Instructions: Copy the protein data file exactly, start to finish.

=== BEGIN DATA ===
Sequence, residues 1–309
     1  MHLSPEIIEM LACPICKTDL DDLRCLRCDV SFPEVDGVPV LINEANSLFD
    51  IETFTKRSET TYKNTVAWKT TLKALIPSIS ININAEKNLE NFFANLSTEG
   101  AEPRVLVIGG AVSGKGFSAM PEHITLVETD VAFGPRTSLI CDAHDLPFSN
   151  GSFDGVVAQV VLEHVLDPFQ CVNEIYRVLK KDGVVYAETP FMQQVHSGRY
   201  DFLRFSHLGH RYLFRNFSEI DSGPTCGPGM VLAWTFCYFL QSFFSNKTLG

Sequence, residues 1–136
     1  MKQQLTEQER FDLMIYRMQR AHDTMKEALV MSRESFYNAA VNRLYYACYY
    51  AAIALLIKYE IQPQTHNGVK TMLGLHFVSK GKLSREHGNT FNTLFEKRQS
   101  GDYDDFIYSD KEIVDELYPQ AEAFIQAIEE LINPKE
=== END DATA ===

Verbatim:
Sequence, residues 1–309
     1  MHLSPEIIEM LACPICKTDL DDLRCLRCDV SFPEVDGVPV LINEANSLFD
    51  IETFTKRSET TYKNTVAWKT TLKALIPSIS ININAEKNLE NFFANLSTEG
   101  AEPRVLVIGG AVSGKGFSAM PEHITLVETD VAFGPRTSLI CDAHDLPFSN
   151  GSFDGVVAQV VLEHVLDPFQ CVNEIYRVLK KDGVVYAETP FMQQVHSGRY
   201  DFLRFSHLGH RYLFRNFSEI DSGPTCGPGM VLAWTFCYFL QSFFSNKTLG

Sequence, residues 1–136
     1  MKQQLTEQER FDLMIYRMQR AHDTMKEALV MSRESFYNAA VNRLYYACYY
    51  AAIALLIKYE IQPQTHNGVK TMLGLHFVSK GKLSREHGNT FNTLFEKRQS
   101  GDYDDFIYSD KEIVDELYPQ AEAFIQAIEE LINPKE